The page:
Greed is one of the most important themes of “The Devil and Tom Walker” Tom is approached by Old Scratch and offered wealth beyond his wildest dreams. Initially, Tom is so greedy that he declines because he would have to share the fortune with his wife. Eventually, however, Tom is duped by the false kindness of Old Scratch and blinded by his own greed. As Irving writes, Tom “was not a man to stick at trifles when money was in view.” Once established as a moneylender in Boston, Tom is described ironically as a “universal friend of the needy,” even though “In proportion to the distress of the applicant was the hardness of his terms.” Though he becomes wealthy, Tom still remains parsimonious: he refuses to furnish his mansion or feed his horses properly. Still, he denies his greed. When accused by a customer of taking advantage of his misfortune, Tom answers ‘ The devil take me if I have made a farthing!” Of course, immediately Old Scratch appears at the door. Irving’s moral is clear:”Such was the end of Tom Walker and his ill-gotten wealth. Let all griping money-brokers lay this story to heart.”
Hypocrisy is evident throughout “The Devil and Tom Walker.” When agreeing to the terms of the deal, Tom refuses to become a slave-trade because he claims to have a conscience. Yet has no problem becoming a moneylender who will profit by impoverishing others through unscrupulous business practices. In a further example of hypocrisy, Tom insists on keeping his deals with customers, which drive them to ruin, but then he conspires to cheat the devil on the terms of their own deal. Thus, his public display of religious fervor has nothing to do with his belief in God but is rather an attempt to save himself from hell. In his final moment of hypocrisy, Tom denies that he has made a penny from an “unlucky land-speculator for whom he had professed the greatest friendship.” When the devil comes knocking, Irving makes it clear that Tom’s hypocrisy has caught up with him.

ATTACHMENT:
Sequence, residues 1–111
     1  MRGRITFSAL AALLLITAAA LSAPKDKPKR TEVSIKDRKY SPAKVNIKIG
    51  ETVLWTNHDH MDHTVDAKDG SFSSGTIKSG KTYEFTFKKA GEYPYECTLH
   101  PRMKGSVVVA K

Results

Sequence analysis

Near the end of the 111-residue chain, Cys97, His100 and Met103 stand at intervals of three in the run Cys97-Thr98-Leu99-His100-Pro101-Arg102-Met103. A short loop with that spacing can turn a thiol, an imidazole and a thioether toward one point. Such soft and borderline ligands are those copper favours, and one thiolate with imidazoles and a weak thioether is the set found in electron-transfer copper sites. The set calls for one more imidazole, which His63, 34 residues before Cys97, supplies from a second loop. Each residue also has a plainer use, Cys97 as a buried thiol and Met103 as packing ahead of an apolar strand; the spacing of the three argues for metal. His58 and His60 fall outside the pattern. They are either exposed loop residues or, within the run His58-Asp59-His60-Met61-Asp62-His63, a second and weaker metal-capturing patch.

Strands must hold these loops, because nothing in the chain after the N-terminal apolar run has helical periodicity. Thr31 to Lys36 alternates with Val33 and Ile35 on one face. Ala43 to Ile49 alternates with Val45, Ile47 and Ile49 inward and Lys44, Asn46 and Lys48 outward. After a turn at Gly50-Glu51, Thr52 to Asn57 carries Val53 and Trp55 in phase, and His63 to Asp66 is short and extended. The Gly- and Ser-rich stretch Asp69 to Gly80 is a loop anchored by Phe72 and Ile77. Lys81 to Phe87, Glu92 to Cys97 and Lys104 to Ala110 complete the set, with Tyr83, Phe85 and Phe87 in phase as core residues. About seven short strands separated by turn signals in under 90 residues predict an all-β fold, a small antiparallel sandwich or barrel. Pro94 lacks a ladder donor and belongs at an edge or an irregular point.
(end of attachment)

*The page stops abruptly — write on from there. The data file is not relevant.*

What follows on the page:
Though Tom Walker is presented as an individual who has always been morally corrupt, the action of “The Devil and Tom Walker” presents how moral corruption breeds more moral corruption, escalating to the greatest corruption of all, a pact with the devil. Described at the beginning of the story as a “meagre, miserly fellow,” Tom’s “house and its inmates had altogether a bad name.” For one with few morals, becoming a corrupt moneylender presents no crises of character. In acquiring great wealth, Tom feels that the ends justify the means. Selling his soul to the devil presents a crisis to Tom only when he pauses to consider the afterlife. His conversion to religion, made specifically for the sake of his own personal interest rather than his faith in God, is a further act of moral corruption. Nevertheless, Tom cannot escape his fate, and Irving makes it clear the consequences of such “ill-gotten wealth.” Though the narrator refers to the tale as a “story,” he also states that “the truth of it is not to be doubted.”
Kathleen Wilson (Editor), Short Stories for Students: Presenting Analysis, Context & Criticism on Commonly Studied Short Stories, Volume 1, Washington Irving, Published by Gale, 1997.